Lycopsida

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Lycopsida

[lī′käp·sə·də]
(botany)
Former subphylum of the Embryophyta now designated as the division Lycopodiophyta.
References in periodicals archive ?
Stigmarian rhizomorphs within clastic paleosols and beneath organic-rich horizons record the former presence of lycopsids in wetland environments, both in clastic swamps and incipient peat-forming mires on the floodplain.
12f); Plint and Browne (1994) observed Stigmaria in reddish-grey mudrocks at ~479 m and in-situ lycopsids at ~881 m.
Indeed, the floral remains show a composition (sphenopsids, ferns, pteridosperms, rare lycopsids, and Cordaites), which is indicative of humid conditions.
A few of these trees comprise lycopsids, calamiteans, and tree ferns, all types previously documented at many other sites (Gastaldo 1992; Calder et al.
A fossil lycopsid forest succession in the classic Joggins section of Nova Scotia: paleoecology of a disturbance-prone Pennsylvanian wetland.
Initially, he distinguished "scalariform tissues" interpreted as belonging to lycopsids from "discigenous wood-cells" interpreted as gymnospermous (Dawson 1859, p.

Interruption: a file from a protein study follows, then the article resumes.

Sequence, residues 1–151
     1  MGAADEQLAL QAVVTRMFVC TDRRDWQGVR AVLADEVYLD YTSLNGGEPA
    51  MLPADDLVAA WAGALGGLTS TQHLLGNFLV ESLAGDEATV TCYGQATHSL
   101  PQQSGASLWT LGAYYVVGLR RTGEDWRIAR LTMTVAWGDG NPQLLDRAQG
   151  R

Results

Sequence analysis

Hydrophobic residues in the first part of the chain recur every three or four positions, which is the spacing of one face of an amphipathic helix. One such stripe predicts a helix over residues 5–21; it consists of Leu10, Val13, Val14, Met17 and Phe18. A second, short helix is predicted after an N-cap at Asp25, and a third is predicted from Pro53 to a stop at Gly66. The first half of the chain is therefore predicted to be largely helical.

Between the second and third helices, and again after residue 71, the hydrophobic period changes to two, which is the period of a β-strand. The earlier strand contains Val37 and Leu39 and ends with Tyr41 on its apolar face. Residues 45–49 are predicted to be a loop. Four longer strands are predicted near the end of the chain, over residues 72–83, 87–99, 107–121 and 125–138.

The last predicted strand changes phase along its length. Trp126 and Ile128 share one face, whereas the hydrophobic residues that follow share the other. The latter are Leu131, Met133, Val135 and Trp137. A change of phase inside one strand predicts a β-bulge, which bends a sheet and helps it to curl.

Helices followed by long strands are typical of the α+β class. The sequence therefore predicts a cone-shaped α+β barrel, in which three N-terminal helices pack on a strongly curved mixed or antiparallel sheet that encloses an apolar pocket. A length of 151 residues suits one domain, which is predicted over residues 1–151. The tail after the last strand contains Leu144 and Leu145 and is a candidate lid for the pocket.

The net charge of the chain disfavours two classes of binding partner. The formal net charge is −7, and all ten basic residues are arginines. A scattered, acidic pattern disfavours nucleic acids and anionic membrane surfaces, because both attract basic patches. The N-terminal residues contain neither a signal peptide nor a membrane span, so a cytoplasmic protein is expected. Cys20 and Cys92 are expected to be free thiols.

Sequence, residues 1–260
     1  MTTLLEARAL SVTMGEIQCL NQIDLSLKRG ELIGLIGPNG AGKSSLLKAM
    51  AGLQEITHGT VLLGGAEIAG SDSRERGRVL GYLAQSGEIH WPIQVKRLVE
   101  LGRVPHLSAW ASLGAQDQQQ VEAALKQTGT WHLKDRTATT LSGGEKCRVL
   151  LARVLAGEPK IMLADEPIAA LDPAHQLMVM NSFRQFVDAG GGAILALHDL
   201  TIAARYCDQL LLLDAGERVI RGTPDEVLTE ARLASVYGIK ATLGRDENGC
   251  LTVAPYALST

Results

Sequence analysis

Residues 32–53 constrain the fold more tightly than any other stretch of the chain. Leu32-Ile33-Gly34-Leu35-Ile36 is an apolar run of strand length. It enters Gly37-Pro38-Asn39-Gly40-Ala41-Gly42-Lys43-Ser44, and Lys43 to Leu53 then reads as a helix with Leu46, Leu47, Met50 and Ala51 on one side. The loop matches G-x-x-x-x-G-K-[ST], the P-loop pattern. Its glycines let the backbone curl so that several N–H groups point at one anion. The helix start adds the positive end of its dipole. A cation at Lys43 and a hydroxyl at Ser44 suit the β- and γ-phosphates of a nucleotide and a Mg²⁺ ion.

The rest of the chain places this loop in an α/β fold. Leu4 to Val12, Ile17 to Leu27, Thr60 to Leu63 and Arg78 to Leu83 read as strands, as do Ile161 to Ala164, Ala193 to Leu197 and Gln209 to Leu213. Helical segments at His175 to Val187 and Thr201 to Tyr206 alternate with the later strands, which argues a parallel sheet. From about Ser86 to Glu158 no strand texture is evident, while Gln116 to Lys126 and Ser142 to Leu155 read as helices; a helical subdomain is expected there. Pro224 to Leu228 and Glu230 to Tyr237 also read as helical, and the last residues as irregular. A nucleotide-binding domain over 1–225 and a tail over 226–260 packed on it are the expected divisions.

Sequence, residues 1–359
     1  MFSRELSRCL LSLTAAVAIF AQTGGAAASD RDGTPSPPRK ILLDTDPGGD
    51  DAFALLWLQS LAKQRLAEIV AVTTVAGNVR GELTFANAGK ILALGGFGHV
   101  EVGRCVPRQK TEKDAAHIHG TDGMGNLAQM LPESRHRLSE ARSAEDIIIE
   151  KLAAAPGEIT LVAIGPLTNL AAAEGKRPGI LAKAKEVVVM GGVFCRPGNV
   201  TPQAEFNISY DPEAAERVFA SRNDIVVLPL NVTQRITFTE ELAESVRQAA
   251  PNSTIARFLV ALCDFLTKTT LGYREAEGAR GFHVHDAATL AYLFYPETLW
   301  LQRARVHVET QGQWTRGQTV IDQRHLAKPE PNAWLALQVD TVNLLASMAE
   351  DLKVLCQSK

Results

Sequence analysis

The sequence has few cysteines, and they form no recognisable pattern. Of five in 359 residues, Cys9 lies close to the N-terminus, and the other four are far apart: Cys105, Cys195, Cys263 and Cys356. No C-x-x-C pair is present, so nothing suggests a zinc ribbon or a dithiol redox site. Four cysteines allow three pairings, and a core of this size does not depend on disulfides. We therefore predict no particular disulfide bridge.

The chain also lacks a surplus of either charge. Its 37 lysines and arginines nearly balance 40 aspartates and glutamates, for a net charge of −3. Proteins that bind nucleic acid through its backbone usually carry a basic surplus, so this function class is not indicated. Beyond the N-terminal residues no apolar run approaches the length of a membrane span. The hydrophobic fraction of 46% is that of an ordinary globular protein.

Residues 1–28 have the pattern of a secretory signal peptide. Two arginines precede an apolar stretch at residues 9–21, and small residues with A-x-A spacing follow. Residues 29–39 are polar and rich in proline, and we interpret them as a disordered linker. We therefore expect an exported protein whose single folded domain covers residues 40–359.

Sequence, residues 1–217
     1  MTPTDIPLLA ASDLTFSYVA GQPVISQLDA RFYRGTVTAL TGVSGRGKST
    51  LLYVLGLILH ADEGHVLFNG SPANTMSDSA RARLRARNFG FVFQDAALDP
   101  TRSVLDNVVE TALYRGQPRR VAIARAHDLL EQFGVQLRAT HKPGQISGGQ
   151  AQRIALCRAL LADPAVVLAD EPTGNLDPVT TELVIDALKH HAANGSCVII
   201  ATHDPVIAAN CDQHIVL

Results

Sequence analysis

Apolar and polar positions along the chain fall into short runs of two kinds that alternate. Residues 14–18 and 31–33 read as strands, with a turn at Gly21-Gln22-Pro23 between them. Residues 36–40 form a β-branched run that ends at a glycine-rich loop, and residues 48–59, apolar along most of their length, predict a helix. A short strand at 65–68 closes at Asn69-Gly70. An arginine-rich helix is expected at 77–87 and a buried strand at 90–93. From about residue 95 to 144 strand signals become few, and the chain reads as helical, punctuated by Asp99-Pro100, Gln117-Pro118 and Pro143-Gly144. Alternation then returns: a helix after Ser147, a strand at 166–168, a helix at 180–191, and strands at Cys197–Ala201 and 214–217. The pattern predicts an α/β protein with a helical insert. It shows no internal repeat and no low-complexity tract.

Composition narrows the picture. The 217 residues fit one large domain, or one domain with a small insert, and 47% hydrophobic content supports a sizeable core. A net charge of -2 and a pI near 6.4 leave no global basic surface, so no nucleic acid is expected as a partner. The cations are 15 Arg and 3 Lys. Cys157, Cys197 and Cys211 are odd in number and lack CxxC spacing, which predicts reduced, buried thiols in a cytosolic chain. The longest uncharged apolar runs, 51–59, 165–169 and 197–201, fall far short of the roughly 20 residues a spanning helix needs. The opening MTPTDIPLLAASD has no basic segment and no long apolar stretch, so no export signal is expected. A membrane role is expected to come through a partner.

However, Dawson failed to appreciate that the primary stems of almost all plant groups, not just the lycopsids, contained small amounts of scalariform tissue, and his arguments based on anatomical correspondence were therefore entirely flawed.
Vegetation includes abundant lycopsids and sphenopsids in situ (Falcon-Lang 1999; Calder et al.
Although sparse, the presence of lycopsid foliage and aerial stems in the upper two-thirds of the section indicates that standing water was available for their reproduction (Phillips and DiMichele 1992), at least temporarily or in restricted areas of the landscape.